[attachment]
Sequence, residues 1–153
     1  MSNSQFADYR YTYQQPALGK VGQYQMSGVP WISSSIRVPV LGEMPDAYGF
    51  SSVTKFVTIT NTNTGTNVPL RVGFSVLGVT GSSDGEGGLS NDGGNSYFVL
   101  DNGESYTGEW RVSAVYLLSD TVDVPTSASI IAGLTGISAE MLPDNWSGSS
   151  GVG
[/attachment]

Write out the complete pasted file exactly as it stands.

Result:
Sequence, residues 1–153
     1  MSNSQFADYR YTYQQPALGK VGQYQMSGVP WISSSIRVPV LGEMPDAYGF
    51  SSVTKFVTIT NTNTGTNVPL RVGFSVLGVT GSSDGEGGLS NDGGNSYFVL
   101  DNGESYTGEW RVSAVYLLSD TVDVPTSASI IAGLTGISAE MLPDNWSGSS
   151  GVG